[ 289 Pa. Super. Page 442]

    after the last payment of benefits. If no-fault benefits have been paid for loss suffered by a victim before his death resulting from the injury, an action for survivor's benefits may be commenced not later than one year after the death or six years after the last payment of benefits, whichever is earlier . . . .

40 P.S. § 1009.106(c)(1)-(2) (emphasis added).

Although "action" is not defined in the No-Fault Act, it is defined in the Statutory Construction Act, as "[a]ny suit or proceeding in any court of this Commonwealth." 1 Pa.C.S.A. § 1991. So defined, an action must be commenced as provided by the Pennsylvania Rules of Civil Procedure, unless otherwise expressly provided by statute. Hartmann v. Peterson, 438 Pa. 291, 265 A.2d 127 (1970); Commonwealth v. Livingood, 22 Pa. Commw. 530, 349 A.2d 816 (1976). The rules provide for commencement of an action "by filing with the prothonotary (1) a praecipe for a writ of summons, (2) a complaint, or (3) an agreement for an amicable action." Pa.R.C.P. 1007. The rules do not provide for commencement of an action by petition and rule. Thus, as one authority has stated, "An action may be commenced by petition only when authorized by statute." 1 Goodrich-Amram § 1007: ___, p. 464. The No-Fault Act contains no such authorization. Accordingly, the motion to strike should have been granted.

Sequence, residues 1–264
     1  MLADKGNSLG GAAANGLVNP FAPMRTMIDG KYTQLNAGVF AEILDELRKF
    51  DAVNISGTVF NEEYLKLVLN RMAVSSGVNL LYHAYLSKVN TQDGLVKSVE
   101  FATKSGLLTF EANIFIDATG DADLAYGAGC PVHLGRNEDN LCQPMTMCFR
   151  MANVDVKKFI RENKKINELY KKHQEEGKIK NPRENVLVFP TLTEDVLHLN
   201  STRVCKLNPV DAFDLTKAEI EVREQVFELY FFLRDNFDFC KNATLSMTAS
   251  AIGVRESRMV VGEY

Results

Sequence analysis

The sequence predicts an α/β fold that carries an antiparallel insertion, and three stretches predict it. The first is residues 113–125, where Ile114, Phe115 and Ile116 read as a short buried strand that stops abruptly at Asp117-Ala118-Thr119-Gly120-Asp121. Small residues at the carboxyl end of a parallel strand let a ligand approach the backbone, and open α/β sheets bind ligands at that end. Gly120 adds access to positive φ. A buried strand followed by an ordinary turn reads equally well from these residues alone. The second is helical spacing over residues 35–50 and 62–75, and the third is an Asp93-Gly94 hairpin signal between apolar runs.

The lower court relied on sections 404 and 405 of the No-Fault Act. These sections do permit proceeding on "application" -- which may be read as synonymous with "petition and rule"; however, they do not support but rather contradict the lower court's conclusion.